Solid gap between business and consumer sentiment: Gareth Aird

Michael CrawfordJuly 20, 20170 min read


Does the falling household saving ratio help to reconcile the disparity in consumer and business confidence?

A solid gap has opened up between business and consumer sentiment.
 A falling saving ratio, which has supported household consumption in the face of declining wages growth, looks to be one of the important factors contributing to the disparity in confidence.
 It may also help to explain why investment growth is soft despite strong business conditions and confidence.  


Confidence can be a powerful force. The sentiment of households and businesses regularly plays a role in shaping economic activity. Economists and policymakers often look at measures of reported confidence as forward looking indicators of consumption and investment. Right now, however, the surveys of business and consumer sentiment are sending conflicting signals.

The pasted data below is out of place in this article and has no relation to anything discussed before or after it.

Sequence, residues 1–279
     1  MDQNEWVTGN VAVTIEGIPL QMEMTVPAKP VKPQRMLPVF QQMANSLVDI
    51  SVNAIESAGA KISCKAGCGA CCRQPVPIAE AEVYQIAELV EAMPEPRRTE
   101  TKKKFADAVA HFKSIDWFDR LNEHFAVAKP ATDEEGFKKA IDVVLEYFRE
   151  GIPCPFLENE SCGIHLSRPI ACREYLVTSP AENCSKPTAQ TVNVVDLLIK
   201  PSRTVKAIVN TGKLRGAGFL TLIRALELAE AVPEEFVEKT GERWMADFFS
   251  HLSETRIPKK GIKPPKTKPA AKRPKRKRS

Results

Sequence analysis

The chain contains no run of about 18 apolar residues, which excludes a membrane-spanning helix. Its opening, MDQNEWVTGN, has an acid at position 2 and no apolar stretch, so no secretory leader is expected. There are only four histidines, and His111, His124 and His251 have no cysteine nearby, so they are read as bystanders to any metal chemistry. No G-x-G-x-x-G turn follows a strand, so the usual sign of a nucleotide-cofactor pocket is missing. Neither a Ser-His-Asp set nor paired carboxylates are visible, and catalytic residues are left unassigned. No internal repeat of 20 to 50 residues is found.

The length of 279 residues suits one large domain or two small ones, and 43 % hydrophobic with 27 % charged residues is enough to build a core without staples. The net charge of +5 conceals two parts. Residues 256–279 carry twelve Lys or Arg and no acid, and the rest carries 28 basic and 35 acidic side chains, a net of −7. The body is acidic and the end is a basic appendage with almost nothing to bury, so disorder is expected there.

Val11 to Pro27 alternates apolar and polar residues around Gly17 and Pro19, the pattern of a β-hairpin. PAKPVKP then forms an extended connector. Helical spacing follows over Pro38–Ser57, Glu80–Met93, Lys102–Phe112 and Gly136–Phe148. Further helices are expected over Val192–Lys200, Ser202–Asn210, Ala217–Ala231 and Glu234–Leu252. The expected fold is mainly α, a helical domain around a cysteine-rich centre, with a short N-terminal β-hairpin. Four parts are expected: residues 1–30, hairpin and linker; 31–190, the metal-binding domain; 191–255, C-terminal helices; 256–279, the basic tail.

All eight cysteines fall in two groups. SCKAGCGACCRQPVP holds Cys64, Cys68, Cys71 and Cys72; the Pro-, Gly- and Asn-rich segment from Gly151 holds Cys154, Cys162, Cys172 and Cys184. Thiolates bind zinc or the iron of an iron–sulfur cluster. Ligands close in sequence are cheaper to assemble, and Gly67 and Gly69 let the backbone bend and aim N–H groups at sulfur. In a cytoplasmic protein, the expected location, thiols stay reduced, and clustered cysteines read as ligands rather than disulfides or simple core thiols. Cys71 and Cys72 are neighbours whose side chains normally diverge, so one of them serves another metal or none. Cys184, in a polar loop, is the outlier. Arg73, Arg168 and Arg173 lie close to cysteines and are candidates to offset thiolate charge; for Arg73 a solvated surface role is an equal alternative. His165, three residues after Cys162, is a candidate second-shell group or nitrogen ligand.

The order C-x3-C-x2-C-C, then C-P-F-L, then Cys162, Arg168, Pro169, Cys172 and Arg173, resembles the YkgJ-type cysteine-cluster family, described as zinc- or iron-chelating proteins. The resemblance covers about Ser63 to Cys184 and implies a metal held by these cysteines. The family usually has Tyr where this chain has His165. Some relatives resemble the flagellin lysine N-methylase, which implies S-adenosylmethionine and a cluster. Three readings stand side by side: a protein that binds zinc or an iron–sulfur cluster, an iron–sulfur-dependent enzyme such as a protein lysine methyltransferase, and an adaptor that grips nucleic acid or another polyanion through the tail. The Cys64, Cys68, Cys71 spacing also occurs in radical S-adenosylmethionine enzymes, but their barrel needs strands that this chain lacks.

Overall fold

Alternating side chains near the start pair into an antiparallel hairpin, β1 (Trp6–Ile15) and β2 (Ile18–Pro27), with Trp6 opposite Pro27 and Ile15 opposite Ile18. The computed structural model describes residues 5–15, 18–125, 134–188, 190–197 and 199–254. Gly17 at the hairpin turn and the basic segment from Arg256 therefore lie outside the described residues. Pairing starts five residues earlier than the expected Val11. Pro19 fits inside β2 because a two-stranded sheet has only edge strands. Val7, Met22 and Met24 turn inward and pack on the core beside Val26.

Click to enlarge

A solid gap has opened up between business confidence (and conditions) and consumer sentiment (chart 1). The NAB business survey suggests that business conditions are at their highest level since 2008 while confidence is at an above- average level. In stark contrast, the WBC/MI consumer sentiment report indicates that household confidence is fragile.

In the past, there have been disparities in how consumers and businesses feel. But these divergences tend to be ‘ironed out’ over time and the results converge. This time around the disparity has persisted for an unusually long time.

In this note we attempt to reconcile why business confidence has been so
buoyant despite consumers feeling downbeat. On the surface it’s easy to
understand why consumers don’t feel good.